Lyme Diseaseenparentshttps://kidshealth.org/EN/images/headers/P-infectLyme-enHD-AR1.jpgLyme disease can affect the skin, joints, nervous system, and other organ systems. If Lyme disease is diagnosed quickly and treated with antibiotics, most people feel better quickly.lyme disease, infections, deer ticks, red-ringed bull's-eye, rashes, bacteria, woods, forests, contagious, doctors, diagnosis, nymphs, adult ticks, where does lyme disease commonly occur, erythema migrans, bull's-eye, bullseye, human granulocytic ehrlichiosis, babesiosis, inflammatory diseases, localized early stage, early disseminated stage, stiffness in joints and necks, rheumatologists, how to remove ticks, arthritis, insect bites, checking pets and children for ticks, antibiotic therapy, rheumatology, dermatology, neurology, lyme, lymes, lymes disease, lime disease, limes disease, ticks, tick bites, removing ticks, CD1Infectious Disease, CD1Rheumatology, CD1Infectious Disease, CD1Primary Care, CD1Rheumatology03/22/200012/04/201912/04/2019Amy W. Anzilotti, MD11/11/2019d17f5ce5-05a0-4d44-92e2-490eccd510echttps://kidshealth.org/ws/RadyChildrens/en/parents/lyme.html/<h3>What Is Lyme Disease?</h3> <p>Lyme disease is an infection caused by a tick bite. The infection can lead to problems with the <a href="https://kidshealth.org/ws/RadyChildrens/en/parents/skin-hair-nails.html/">skin</a>, <a href="https://kidshealth.org/ws/RadyChildrens/en/parents/heart.html/">heart</a>, <a href="https://kidshealth.org/ws/RadyChildrens/en/parents/brain-nervous-system.html/">brain</a>, and <a href="https://kidshealth.org/ws/RadyChildrens/en/parents/how-joints-work.html/">joints</a>.</p> <p><a href="https://kidshealth.org/ws/RadyChildrens/en/parents/tick-bites-sheet.html/"><img class="right" src="https://kidshealth.org/EN/images/buttons/tickInstructions_enBT.gif" alt="Tick bites instruction sheet" /></a></p> <p>Treatment with antibiotics usually cures Lyme disease, especially when started early.</p> <h3>Do All Tick Bites Cause Lyme Disease?</h3> <p>No, not all tick bites cause Lyme disease. Only deer ticks (also called black-legged ticks) cause Lyme disease. And most people bitten by one of these ticks don't usually get Lyme disease because:</p> <ul class="kh_longline_list"> <li>Only a small number of these ticks are infected with the <a href="https://kidshealth.org/ws/RadyChildrens/en/parents/germs.html/">bacteria</a> that cause Lyme disease.</li> <li>An infected tick must be attached for at least 1&ndash;2 days to pass the bacteria.</li> </ul> <h3>What Are the Signs &amp; Symptoms of Lyme Disease?</h3> <p>The symptoms of Lyme disease vary from person to person, but often happen in three stages:</p> <h4>Two Early Stages</h4> <p>1. For the first few weeks, symptoms may include:</p> <ul> <li>a rash near the tick bite, which usually is round or oval. Some rashes have a clear middle (called a bulls-eye rash).</li> <li><a href="https://kidshealth.org/ws/RadyChildrens/en/parents/fever.html/">fever</a></li> <li>tiredness</li> <li><a href="https://kidshealth.org/ws/RadyChildrens/en/parents/headache.html/">headache</a></li> <li>neck pain</li> <li>muscle aches</li> <li>joint pain</li> </ul> <p>2. After a few more weeks, untreated Lyme disease can lead to:</p> <ul> <li>neck stiffness</li> <li>rashes on parts of the body not near the tick bite</li> <li>slow or irregular heartbeat</li> <li>problems with the nervous system (brain and spinal cord) including: <ul> <li>damage to a facial nerve that can cause drooping (facial <a href="https://kidshealth.org/ws/RadyChildrens/en/parents/bells-palsy.html/">palsy</a>)</li> <li>numbness in arms or legs</li> <li>mood changes</li> <li>memory problems</li> <li>inflammation of the brain and spinal cord (<a href="https://kidshealth.org/ws/RadyChildrens/en/parents/meningitis.html/">meningitis</a>)</li> </ul> </li> </ul> <p><img class="center" src="https://kidshealth.org/EN/images/illustrations/LymePR-A-enIL.jpg" alt="Ankle with a red circular bullseye rash around a tick bite." name="Ankle with a red circular bullseye rash around a tick bite." /></p> <h4>Late Stage</h4> <p>If Lyme disease goes untreated for months, the earlier symptoms can continue. The person also can develop arthritis (swollen, painful joints).</p> <h3>Who Gets Lyme Disease?</h3> <p>Anyone bitten by an infected deer tick can get Lyme disease. Most U.S. cases of Lyme disease happen in Connecticut, Delaware, Maine, Maryland, Massachusetts, Minnesota, New Hampshire, New Jersey, New York, Pennsylvania, Rhode Island, Vermont, Virginia, and Wisconsin. But Lyme disease is found in other parts of the U.S., Europe, Asia, and Australia too.</p> <h3>How Is Lyme Disease Diagnosed?</h3> <p>It can be hard for doctors to diagnose Lyme disease because:</p> <ul class="kh_longline_list"> <li>The tick bites and rash might not be noticed.</li> <li>Many early symptoms seem like <a href="https://kidshealth.org/ws/RadyChildrens/en/parents/flu.html/">the flu</a> or other illnesses.</li> <li>Blood tests are not always accurate, especially early in the illness.</li> </ul> <p>Doctors can diagnose early Lyme disease if they see a tick bite and rash. Blood tests usually aren't helpful in the first month of Lyme disease.</p> <p>To diagnose late Lyme disease, doctors:</p> <ul class="kh_longline_list"> <li>Ask about symptoms.</li> <li>Do blood tests that look for signs of Lyme disease.</li> </ul> <p>Depending on the symptoms, doctors might order other tests, such as a <a href="https://kidshealth.org/ws/RadyChildrens/en/parents/emmi-lumbar-puncture.html/">spinal tap</a>, which looks at the fluid around the brain and spinal cord.</p> <h3>How Is Lyme Disease Treated?</h3> <p>Treatment depends on the stage of Lyme disease.</p> <p>Treatment for early Lyme disease is <a href="https://kidshealth.org/ws/RadyChildrens/en/parents/antibiotic-video.html/">antibiotics</a> taken by mouth for 10&ndash;14 days. Someone with late Lyme disease needs antibiotics for a longer period, either taken by mouth or through an&nbsp;<a href="https://kidshealth.org/ws/RadyChildrens/en/parents/intravenous-line.html/">IV (intravenous) line</a>.</p> <h3>What Is Post-Lyme Disease Syndrome?</h3> <p>Post-Lyme disease syndrome (also known as chronic Lyme disease) is when someone with Lyme disease still has symptoms after treatment with antibiotics. The symptoms are most likely caused by an autoimmune response. This is when the body's germ-fighting <a href="https://kidshealth.org/ws/RadyChildrens/en/parents/immune.html/">immune system</a> attacks the body's own cells.</p> <p>Most people with post-Lyme disease syndrome usually get better with time, but it can take months to feel well again.</p> <h3>Can Lyme Disease Be Prevented?</h3> <p>Not all cases of Lyme disease can be prevented. But you can help <a href="https://kidshealth.org/ws/RadyChildrens/en/parents/protect-from-ticks.html/">protect your family</a> from tick bites. If you go into an area where ticks live, be sure to:</p> <ul class="kh_longline_list"> <li>Stay in the middle of the trail, instead of going through high grass or the woods.</li> <li>Wear closed shoes or boots, long-sleeved shirts, and long pants. Tuck pant legs into shoes or boots to prevent ticks from crawling up legs.</li> <li>Use an insect <a href="https://kidshealth.org/ws/RadyChildrens/en/parents/repellent.html/">repellent</a>.</li> <li>Consider treating clothing and gear with permethrin to repel ticks. When used properly, permethrin is safe for all ages. But don't use it on clothing or other material a child may suck on or chew.</li> <li>Wear light-colored clothing to help you see ticks more easily.</li> <li>Shower and wash hair after being outside to remove ticks before they attach.</li> </ul> <h3>How Can Parents Help?</h3> <p>If your child is diagnosed with Lyme disease, give the antibiotics exactly as the doctor directs. And because people can get Lyme disease more than once:</p> <ul class="kh_longline_list"> <li>Teach your child ways to <a href="https://kidshealth.org/ws/RadyChildrens/en/parents/protect-from-ticks.html/">avoid tick bites</a>.</li> <li>Check kids regularly for ticks. If you find one, <a href="https://kidshealth.org/ws/RadyChildrens/en/parents/tick-removal.html/">remove it</a> right away.</li> </ul>La enfermedad de LymePuesto que las garrapatas son difíciles de detectar y es fácil que sus picaduras pasen desapercibidas, es importante conocer y estar pendiente de los síntomas de la enfermedad de Lyme. De hecho, mucha gente que contrae esta enfermedad no recuerda haber recibido la picadura de una garrapata. La buena noticia es que no todas las picaduras de garrapata desencadenan la enfermedad de Lyme.https://kidshealth.org/ws/RadyChildrens/es/parents/lyme-esp.html/b72eff74-7e34-494c-b25b-39db88f3c596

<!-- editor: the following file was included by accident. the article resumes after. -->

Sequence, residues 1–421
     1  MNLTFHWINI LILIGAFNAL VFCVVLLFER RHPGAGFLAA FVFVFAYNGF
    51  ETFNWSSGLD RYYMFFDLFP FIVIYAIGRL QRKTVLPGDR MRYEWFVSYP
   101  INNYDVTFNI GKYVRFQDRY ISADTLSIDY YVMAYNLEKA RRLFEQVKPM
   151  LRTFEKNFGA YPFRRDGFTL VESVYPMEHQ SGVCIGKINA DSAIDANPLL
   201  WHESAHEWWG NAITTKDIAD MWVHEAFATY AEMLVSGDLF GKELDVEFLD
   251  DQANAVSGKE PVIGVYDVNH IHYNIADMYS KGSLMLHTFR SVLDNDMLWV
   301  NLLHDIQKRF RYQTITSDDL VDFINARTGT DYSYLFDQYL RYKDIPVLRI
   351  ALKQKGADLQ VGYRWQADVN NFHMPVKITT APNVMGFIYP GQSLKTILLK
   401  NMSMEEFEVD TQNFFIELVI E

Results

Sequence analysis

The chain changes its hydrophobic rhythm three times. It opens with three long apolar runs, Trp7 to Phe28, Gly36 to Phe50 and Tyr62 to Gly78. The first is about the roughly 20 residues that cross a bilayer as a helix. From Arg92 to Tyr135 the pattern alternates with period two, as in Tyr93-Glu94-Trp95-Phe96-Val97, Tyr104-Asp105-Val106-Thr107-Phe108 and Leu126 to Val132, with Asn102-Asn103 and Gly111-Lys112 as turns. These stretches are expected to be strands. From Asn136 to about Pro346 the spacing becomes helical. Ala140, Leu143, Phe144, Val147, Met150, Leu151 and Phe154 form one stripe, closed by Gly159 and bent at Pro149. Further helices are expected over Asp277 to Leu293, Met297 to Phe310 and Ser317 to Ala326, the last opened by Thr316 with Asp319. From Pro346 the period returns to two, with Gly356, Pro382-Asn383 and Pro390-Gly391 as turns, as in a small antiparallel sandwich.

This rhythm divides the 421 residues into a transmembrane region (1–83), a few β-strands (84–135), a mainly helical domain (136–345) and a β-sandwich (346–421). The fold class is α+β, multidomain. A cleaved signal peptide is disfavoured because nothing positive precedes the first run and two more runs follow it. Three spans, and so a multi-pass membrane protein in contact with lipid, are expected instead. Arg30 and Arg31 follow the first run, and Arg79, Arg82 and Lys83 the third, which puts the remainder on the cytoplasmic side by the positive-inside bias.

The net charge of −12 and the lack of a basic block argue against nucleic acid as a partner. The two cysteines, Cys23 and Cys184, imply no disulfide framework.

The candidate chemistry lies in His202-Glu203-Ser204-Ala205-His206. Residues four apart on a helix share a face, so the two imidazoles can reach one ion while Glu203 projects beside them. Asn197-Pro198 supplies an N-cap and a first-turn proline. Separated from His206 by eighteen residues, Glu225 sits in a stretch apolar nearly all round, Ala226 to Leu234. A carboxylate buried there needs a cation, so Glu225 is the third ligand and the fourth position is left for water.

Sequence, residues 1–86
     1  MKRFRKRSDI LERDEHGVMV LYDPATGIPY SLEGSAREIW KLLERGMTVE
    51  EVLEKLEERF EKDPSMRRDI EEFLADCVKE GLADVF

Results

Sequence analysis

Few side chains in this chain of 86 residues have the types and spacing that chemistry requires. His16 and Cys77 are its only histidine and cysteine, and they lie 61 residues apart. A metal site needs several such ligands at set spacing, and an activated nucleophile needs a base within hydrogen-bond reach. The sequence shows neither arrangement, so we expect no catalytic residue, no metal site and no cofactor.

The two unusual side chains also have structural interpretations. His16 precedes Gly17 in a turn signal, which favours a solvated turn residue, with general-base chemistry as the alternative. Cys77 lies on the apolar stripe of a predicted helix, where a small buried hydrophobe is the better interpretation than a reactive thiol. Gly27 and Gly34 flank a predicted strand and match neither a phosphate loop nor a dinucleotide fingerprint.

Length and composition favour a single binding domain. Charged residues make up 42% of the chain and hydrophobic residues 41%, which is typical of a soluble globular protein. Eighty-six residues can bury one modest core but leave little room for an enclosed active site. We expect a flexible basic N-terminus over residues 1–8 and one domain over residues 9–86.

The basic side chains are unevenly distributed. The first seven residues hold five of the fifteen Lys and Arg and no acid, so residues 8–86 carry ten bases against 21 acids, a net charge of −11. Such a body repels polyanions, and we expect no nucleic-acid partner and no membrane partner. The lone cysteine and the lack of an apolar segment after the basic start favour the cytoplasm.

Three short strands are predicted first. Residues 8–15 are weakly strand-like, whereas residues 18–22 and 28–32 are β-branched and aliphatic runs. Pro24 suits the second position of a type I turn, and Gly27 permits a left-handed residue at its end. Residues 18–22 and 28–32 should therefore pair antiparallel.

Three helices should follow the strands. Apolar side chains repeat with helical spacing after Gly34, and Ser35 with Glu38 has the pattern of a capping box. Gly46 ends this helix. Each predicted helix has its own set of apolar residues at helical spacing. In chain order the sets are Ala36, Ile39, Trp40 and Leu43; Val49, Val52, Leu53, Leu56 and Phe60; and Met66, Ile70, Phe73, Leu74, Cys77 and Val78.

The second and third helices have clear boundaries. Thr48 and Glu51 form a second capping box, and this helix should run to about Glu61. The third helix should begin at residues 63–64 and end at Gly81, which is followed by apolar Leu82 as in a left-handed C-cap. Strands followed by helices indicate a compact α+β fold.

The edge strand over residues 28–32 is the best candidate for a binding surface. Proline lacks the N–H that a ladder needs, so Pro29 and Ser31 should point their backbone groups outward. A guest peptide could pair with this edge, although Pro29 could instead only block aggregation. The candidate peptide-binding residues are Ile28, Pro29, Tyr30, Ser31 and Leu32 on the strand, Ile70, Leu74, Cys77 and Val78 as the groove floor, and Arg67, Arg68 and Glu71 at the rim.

First Aid: Tick BitesSome ticks carry harmful germs that can cause disease. Find out what to do if your child is bitten by a tick.https://kidshealth.org/ws/RadyChildrens/en/parents/tick-bites-sheet.html/60eb3782-4786-4aae-a948-2b7e3be3264d
Hey! A Tick Bit Me!A tick attaches itself to the skin of a person or animal and sucks blood. If you have a dog, it may have picked up a tick before! Learn more about ticks in this article for kids.https://kidshealth.org/ws/RadyChildrens/en/kids/tick.html/5c7ade05-a711-4084-ad09-760d2c5e60b2
How Can I Prevent Lyme Disease?Does the thought of Lyme disease make you worry about enjoying the great outdoors? Here's some information to help you lower your risk for Lyme disease.https://kidshealth.org/ws/RadyChildrens/en/teens/lyme-risk-teen.html/692e7f8c-853a-4401-893e-3410bd447471
How Can I Protect My Family From Ticks?Find out what the experts say.https://kidshealth.org/ws/RadyChildrens/en/parents/protect-from-ticks.html/235b974f-0b22-47de-82ec-26735ccb8488
Lyme DiseaseThe best way to prevent Lyme disease is to prevent tick bites. Find out more about this disease and how to keep those ticks away.https://kidshealth.org/ws/RadyChildrens/en/kids/lyme-disease.html/5507f2c4-2853-46bd-8f22-271a0e8241a9
Rocky Mountain Spotted FeverRocky Mountain spotted fever (RMSF) is a disease caused by a bacteria that is carried by certain types of ticks. Learn about the signs and symptoms of RMSF and tips for preventing infection in this article.https://kidshealth.org/ws/RadyChildrens/en/teens/rocky-mountain.html/d58c1ada-a37c-4a27-a1e8-dbb16646e278
Tick Removal: A Step-by-Step GuideBoy, your child's freckles really stand out in the sun — yikes, that one is actually a tick! What should you do?https://kidshealth.org/ws/RadyChildrens/en/parents/tick-removal.html/d05e81da-6bd5-405c-b0a8-c2bf8a6f81f9
kh:age-allAgesOrAgeAgnostickh:clinicalDesignation-rheumatologykh:genre-articlekh:primaryClinicalDesignation-infectiousDiseaseBrain & Nervous Systemhttps://kidshealth.org/ws/RadyChildrens/en/parents/medical/brain/d6b00a11-9db0-403c-bc41-00bcdf022537Bacterial & Viral Infectionshttps://kidshealth.org/ws/RadyChildrens/en/parents/infections/bacterial-viral/401507d2-7822-44aa-8109-e54dc4c18e61Skin Infections & Rasheshttps://kidshealth.org/ws/RadyChildrens/en/parents/infections/skin/5aeb606d-89ae-4a7c-b37c-880aee453419Parks & Campinghttps://kidshealth.org/ws/RadyChildrens/en/parents/summerspotlight/parks/0124b6a2-43e4-4aa0-bb02-2c3369a06930https://kidshealth.org/EN/images/buttons/tickInstructions_enBT.gifhttps://kidshealth.org/EN/images/illustrations/LymePR-A-enIL.jpg